[Image: Utility Pump]
If you protect a building with a floodwall, sealant, plastic wrap or any other barrier, you will need to pump water during floods.
Rainwater that falls inside the flood barrier or water that seeps under the barrier must be pumped to the outside. Water that comes in through leaks in the barrier or around gates and other closures also must be pumped out.
You can reduce seepage and leakage with careful design, construction and maintenance, but water will get in. The flood protection system you put in place should include an area (a sump) where water can collect and be pumped out before it causes damage.
Click here to see how two common pumps are plumbed.
The first rule in selecting a pump is “know what you want the pump to do.” Then your pump dealer can assist you in choosing a suitable pump.
Here are some other considerations
- Self-priming, high-volume, low-head pumps usually are most suitable. The ability to run dry and shut off without damage is preferable.
- If you anticipate the pump will be handling dirty water, it should either be capable of handling trash or be provided with a filtering system. You’ll have to clean the filter periodically.
- The pump must be able to pick up water from the sump.
- Pumps pump more slowly as the outlet is raised above the inlet; the difference in height is called the “head.”
- If you anticipate leakage and water collection sumps at several locations, you’ll need a series of smaller pumps rather than one large one. In a professionally sealed building, several small pumps might be used to discharge leakage at closures. Buildings protected by other methods may have more leakage, requiring a larger pump and a system for collecting water at a single sump.
- Consider power options – gasoline or electricity. Electric pumps may be more dangerous to use in wet conditions. If you choose an electric pump, you’ll need a generator, but one generator can power several pumps and other appliances. Gasoline-powered pumps require more periodic maintenance.
- Some pumps can pump water down to 1/8-inch deep. These would be useful for very shallow sumps where you can’t let the water get very deep.
- Size your pump to handle the volume of water to be pumped and consider the head. A pump with excess capacity is better than one with insufficient capacity. You may need to increase the sump size to keep a large pump from cycling too often.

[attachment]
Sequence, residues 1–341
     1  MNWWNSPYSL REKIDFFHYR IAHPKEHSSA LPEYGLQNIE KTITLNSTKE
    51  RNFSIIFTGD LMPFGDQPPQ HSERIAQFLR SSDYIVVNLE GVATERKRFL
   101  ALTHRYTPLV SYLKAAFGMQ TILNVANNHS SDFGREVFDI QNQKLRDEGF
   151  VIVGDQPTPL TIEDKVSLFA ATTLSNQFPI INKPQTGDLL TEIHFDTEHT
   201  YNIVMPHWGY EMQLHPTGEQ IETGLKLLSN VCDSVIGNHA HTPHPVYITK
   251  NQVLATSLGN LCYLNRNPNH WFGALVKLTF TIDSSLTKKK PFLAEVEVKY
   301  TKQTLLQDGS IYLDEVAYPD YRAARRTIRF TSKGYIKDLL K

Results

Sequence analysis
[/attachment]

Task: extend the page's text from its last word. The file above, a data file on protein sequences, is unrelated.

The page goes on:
- Swimming pool pumps might be helpful in an emergency but would not be a first choice for flood protection.
Design to Minimize Pumping Requirements
|Source of Water You Need to Pump
||To Minimize Water From This Source|
|Rain inside the barrier
Two inches of rain on a 1,600-square-foot roof will produce 1,984 gallons of runoff.
|Place a flood barrier where rain on the roof can fall naturally to the water side of the barrier. |
Use gutters to collect roof runoff and channel it over the barrier.
|Water seeping under the flood barrier.
||Use underground barriers to increase the distance water must travel to get under the barrier.|
|Water coming through cracks, leaky closures and inadequately blocked drain pipes
||Use well-designed, tight-fitting panels instead of sandbags or loose plywood for closures. |
Maintain barriers and back-flow valves annually.
Estimate all the significant sources of water intrusion in terms of gallons per hour. If your barriers are in good condition, the seepage and leakage should be small. To determine the pumping capacity required to handle rainfall, calculate gallons per hour of rainfall this way:
- Determine area of rain collection in square feet.
- Estimate the rain intensity in inches per hour. Gallons per hour equals square footage of area times inches per hour of rainfall times 0.62.
- To be prepared for a 2-inch-per-hour rain inside a 50 foot by 80 foot floodwall, you’d need a pump that would pump (4,000 x 2 x 0.62) 4,960 gallons per hour.
Pumps may be used to fill water-inflatable barriers. You’d be interested in a high-volume pump; debris and head may or may not be a problem, depending on where you’re getting the water.
Design your flood protection system to minimize seepage and rain collection. Then be prepared to collect and pump water.
A second pump will provide increased capacity and act as a backup for the first.
Use float-switches to turn pumps on and off automatically. You may be able to set the level of the switch to keep the pump from cycling on and off&nbs[Image: Sump Pump]p;too often.
Use strainers to protect pumps from large debris.
Always use clean, fresh fuel of the proper type for your pump or generator and have enough on hand to get you through a flood. Don’t store fuel in the generator; it could deteriorate and cause damage. Use a fuel stabilizer such as Sta-Bil.
Never run gasoline-powered pumps or generators indoors; carbon monoxide poisoning can result. Opening doors and windows is not adequate protection.
Never use pumps and barriers to create a water-level difference of more than 3 feet without proper design by a competent professional.
LSU AgCenter Publication - PDF